What is a competitive advantage?
A competitive advantage is whether the firm is able to do things better than its competitors resulting in a cost advantage or the ability to charge a premium price. The resources that the firm has may for example allow the company to provide a level of service that is superior to competitors, giving customers a specific reason to choose the firm over others.
Underpinning the competitive advantage is the resources of the firm – the tangible and intangible things that allow the company to operate. The different resources allow different companies to compete in different ways. Having rare resources that few other firms have can thus provide a basis for a competitive advantage – you can attract customers to your firm because based on being able to do certain things better than competitors.
What is meant by a temporary advantage?
When we consider the resource position of a company, some of the advantages that the company has may only be momentary advantages. Other firms may be working on similar areas, and able to develop comparable resources to catch up.
This is what a temporary advantage is – an advantage that the company currently has, however unlikely to last. Possibly the company was the first to develop a particular technology, but it is expected that other firms will be able to develop a similar one in the coming few years. The company may be able to enjoy a temporary advantage due to its currently superior position, but should other firms catch up, then this temporary advantage will disappear. Over time, the temporary advantage is likely to turn to competitive parity once competitors have caught up.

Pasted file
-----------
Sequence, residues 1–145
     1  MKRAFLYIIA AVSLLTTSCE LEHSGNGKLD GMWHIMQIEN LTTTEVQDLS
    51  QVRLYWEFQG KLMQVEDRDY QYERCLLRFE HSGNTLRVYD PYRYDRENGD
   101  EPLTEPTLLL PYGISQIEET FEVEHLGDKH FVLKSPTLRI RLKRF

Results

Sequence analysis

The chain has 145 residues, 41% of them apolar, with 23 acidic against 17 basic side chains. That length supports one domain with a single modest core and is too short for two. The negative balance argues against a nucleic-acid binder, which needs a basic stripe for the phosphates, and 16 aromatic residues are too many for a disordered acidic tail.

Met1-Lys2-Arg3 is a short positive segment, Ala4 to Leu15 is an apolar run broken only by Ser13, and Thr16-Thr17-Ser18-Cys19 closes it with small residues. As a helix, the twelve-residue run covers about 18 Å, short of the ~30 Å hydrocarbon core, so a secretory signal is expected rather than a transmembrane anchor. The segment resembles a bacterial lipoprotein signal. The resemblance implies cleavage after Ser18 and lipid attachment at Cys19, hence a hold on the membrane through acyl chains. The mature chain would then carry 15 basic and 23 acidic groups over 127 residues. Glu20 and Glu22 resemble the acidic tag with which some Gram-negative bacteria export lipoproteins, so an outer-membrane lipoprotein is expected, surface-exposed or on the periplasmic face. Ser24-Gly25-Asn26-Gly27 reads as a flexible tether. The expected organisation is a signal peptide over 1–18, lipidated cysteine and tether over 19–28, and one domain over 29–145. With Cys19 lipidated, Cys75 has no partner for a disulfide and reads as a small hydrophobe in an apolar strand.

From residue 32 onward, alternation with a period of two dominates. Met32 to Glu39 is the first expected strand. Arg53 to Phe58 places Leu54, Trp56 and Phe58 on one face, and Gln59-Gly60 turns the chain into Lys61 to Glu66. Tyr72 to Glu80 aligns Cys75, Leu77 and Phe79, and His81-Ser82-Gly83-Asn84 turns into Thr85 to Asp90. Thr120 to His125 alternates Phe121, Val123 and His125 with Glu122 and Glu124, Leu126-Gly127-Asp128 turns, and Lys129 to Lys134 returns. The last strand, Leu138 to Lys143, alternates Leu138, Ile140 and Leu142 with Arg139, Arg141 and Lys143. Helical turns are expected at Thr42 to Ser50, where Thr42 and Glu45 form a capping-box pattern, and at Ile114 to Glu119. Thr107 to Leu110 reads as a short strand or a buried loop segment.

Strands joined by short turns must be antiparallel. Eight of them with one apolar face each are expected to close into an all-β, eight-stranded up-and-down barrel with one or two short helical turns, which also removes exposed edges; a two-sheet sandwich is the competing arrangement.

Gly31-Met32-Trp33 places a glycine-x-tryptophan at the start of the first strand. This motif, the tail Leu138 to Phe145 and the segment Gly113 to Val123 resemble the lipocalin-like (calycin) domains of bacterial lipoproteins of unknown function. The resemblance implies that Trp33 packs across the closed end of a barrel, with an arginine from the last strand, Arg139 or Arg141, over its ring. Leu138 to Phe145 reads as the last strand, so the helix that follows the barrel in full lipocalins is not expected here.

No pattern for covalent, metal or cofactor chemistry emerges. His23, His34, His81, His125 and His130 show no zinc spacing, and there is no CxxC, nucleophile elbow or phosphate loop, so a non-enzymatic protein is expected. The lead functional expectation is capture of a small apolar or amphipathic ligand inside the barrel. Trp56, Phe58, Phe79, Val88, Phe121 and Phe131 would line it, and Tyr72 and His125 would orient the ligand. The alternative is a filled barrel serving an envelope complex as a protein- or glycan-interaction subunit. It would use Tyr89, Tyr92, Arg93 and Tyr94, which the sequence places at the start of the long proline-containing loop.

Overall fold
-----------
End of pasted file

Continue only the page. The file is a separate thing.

How is a sustainable competitive advantage different from a temporary advantage?
While a temporary advantage may provide an advantage for a short period, a sustainable advantage is one that can persist over many periods. It is difficult (or impossible) for other firms to be able to imitate the resource or to substitute it with an alternative approach. This is important because long-term success requires that the company is able to maintain elements that are unique. If other companies are able to quickly catch up, then success is only momentary. Thus, long-term advantage requires some consideration of what makes it difficult for other firms to be able to imitate the position of the company.
Using the VRIO framework to example the sources of temporary and sustainable competitive advantages
The VRIO framework is one approach for assign whether firms have resources that provide the basis for temporary and sustainable advantages. The framework systematically examines whether each of the resources of the firm is valuable, rare, hard to imitate or substitute, and whether the firm is organized to capture the value.